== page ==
A Russian disaster is almost never followed by Russian candor. This is true of most countries, but most countries are at least adept at explaining themselves — even if disingenuously — as the George W. Bush Administration showed with its flood-the-airwaves spin campaign after the weapons of mass destruction that were the casus belli of the Iraq War turned out not to exist. Not so Russia, and — as TIME’s Simon Shuster reports — its response to the shoot-down of Malaysia Airlines Flight 17 and the murder of the 298 people on board is one more illustration of that fact. Even after what are purported to be recordings between a pro-Russian rebel and a Russian military officer discussing the destruction of the airliner surfaced, Moscow remained in defiant denial — even flipping the script to blame Ukraine. “This tragedy would not have happened if there had been peace on that land, or in any case if military operations in southeastern Ukraine had not been renewed,” said Russian President Vladimir Putin. Foreign Minister Sergey Lavrov took a lower road, going for the ad hominem: “With regard to the claims raised by Kiev, that it was almost us who did it,” he said to a Russian state-run news channel, “in fact I haven’t heard any truthful statements from Kiev over the past few months.” Australian Prime Minister Tony Abbott described this response with elegant understatement, labeling it “deeply, deeply unsatisfactory.” Soviet Russia was even more ham-handed in its defense of itself. A few days after the April 26, 1986, explosion of the Chernobyl nuclear power plant, Soviet Ambassador Eugene Pozdnyakov appeared with Ted Koppel on ABC’s Nightline. When Koppel asked him why Russia initially covered up the accident, coming clean only when radiation readings in Europe revealed the truth, Pozdnyakov blamed the calendar. “It happened on Saturday,” he said, “and the governments of proper countries are usually on holidays on weekends.” Koppel responded with frank incredulity, scolding the diplomat with a simple, “Oh, come on!” In the current crisis, Moscow could at least call on experience, since — depressingly, remarkably — it’s not even the first time Russia has been implicated in shooting down a civilian passenger plane. That first time occurred on Sept. 1, 1983, when a military interceptor jet blew Korean Airlines Flight 007 out of the sky, killing 269 people, after the plane accidentally strayed into Soviet airspace. Moscow hedged and fudged and blamed the Korean pilot for being where he wasn’t supposed to be, and finally decided to fake transparency, releasing what were said to be air to ground transcripts between the interceptor plane and the base, intending to show, if nothing else, that the pilot seemed confused about what was happening. At one point during the attack, he was said to have exclaimed “yolki palki,” which TIME described then as “an exceedingly mild oath,” and indeed it is. Its literal translation is “sticks of the fir tree.” And it’s English equivalent? “Fiddlesticks.” The fighter pilot has not been born who speaks that way when engaging the enemy. Wordplay amounts to little for the 298 people killed in the new attack — or for the 298 grieving families. But it amounts to a lot as the rest of the world tries to reckon with Russia’s new aggression and its return to its old, opaque ways. The attack on the plane was over quickly; the aftermath promises to play out slowly and uncertainly.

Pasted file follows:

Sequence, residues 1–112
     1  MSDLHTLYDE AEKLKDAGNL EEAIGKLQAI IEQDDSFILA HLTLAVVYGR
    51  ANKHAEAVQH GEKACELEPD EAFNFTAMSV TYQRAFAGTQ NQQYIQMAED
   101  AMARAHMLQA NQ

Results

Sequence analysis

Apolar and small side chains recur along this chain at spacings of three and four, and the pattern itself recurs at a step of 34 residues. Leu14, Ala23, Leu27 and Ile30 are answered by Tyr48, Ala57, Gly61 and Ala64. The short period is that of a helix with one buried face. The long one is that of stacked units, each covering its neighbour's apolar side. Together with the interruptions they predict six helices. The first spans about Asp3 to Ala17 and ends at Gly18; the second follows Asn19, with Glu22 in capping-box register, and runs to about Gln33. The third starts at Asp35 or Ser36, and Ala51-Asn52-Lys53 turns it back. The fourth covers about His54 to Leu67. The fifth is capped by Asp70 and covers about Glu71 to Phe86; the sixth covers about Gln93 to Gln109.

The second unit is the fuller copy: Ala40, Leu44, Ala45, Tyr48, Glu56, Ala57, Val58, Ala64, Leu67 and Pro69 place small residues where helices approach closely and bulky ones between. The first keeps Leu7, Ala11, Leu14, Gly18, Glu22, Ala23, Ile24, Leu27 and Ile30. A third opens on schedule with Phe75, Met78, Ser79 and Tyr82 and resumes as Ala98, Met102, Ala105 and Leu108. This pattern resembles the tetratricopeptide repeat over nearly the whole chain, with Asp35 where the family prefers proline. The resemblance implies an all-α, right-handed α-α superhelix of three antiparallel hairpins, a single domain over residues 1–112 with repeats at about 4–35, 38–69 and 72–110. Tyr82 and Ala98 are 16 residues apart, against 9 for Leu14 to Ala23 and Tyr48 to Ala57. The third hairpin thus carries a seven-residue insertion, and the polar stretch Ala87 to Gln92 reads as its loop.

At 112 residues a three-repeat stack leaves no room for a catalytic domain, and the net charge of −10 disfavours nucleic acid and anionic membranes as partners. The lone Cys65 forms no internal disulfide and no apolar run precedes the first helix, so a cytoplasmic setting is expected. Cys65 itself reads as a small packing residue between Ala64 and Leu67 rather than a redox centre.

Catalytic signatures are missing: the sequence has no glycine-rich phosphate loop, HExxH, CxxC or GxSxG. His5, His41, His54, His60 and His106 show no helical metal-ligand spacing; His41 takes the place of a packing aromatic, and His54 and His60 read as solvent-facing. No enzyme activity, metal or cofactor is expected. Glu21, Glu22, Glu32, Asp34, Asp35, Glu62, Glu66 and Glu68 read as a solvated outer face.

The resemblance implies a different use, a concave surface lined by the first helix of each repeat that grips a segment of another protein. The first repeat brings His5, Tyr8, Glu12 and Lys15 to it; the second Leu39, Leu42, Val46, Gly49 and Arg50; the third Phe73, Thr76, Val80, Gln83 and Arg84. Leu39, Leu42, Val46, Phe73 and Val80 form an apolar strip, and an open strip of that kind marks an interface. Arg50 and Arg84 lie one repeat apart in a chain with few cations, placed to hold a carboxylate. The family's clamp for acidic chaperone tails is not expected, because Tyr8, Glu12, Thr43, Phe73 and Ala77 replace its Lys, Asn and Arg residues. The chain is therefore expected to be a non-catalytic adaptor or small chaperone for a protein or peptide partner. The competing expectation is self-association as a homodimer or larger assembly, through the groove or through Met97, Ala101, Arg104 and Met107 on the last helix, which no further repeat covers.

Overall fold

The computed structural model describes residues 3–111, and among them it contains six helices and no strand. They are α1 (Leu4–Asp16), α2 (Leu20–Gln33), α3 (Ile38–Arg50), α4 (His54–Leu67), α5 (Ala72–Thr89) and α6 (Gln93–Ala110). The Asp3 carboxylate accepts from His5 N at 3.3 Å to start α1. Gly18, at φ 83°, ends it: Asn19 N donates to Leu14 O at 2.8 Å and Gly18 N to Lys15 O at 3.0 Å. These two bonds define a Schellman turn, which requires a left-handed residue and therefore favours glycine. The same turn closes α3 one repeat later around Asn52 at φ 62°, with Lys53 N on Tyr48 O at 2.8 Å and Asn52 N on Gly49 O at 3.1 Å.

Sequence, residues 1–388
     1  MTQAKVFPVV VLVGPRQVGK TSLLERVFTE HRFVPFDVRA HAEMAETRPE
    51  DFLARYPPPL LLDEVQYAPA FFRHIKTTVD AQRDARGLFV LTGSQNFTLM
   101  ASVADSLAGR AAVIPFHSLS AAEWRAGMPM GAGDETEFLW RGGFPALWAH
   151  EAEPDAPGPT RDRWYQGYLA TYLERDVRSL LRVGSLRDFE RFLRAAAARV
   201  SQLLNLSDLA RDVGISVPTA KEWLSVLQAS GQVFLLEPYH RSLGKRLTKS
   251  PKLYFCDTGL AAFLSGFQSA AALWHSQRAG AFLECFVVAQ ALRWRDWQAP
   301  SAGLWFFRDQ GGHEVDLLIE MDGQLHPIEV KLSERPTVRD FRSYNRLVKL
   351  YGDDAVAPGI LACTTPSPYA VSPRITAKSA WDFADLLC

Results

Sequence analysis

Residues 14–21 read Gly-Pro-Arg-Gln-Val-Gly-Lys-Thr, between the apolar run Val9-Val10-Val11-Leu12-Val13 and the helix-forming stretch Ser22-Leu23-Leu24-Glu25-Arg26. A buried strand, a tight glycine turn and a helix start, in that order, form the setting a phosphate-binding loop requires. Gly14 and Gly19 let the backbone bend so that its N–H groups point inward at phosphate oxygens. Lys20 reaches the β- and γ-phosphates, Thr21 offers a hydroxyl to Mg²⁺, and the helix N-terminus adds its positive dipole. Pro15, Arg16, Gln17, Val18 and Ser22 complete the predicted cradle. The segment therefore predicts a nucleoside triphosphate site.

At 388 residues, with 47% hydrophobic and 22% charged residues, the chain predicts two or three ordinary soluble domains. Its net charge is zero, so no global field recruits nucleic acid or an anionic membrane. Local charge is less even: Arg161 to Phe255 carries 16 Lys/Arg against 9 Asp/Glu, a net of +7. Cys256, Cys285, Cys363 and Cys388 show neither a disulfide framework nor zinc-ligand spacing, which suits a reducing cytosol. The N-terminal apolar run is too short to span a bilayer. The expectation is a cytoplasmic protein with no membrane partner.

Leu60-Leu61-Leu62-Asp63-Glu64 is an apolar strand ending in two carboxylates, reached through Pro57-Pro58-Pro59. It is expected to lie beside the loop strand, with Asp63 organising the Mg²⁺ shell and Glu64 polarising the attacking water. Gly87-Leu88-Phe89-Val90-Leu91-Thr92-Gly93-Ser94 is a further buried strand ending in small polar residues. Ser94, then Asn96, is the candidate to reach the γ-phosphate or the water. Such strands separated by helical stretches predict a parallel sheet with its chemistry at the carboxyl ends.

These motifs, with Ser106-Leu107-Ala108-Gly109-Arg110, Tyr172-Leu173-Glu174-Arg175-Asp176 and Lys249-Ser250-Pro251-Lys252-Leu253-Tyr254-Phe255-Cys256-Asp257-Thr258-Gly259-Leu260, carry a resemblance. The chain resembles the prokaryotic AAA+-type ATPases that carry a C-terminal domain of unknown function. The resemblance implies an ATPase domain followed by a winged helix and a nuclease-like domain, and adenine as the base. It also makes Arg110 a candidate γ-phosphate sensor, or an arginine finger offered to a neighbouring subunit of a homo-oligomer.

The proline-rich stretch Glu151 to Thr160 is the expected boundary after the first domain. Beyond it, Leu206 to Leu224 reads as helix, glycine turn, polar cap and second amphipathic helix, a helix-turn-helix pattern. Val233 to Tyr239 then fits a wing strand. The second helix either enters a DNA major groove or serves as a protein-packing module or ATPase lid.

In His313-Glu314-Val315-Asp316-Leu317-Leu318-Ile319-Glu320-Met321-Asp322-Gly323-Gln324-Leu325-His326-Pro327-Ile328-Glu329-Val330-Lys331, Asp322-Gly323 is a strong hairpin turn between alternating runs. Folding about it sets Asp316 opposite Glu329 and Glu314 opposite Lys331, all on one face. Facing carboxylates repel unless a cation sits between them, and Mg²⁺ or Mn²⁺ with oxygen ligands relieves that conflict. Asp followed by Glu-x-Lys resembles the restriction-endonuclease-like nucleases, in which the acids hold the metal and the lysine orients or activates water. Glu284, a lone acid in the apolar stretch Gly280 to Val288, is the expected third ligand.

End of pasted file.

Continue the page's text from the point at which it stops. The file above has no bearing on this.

TIME space travel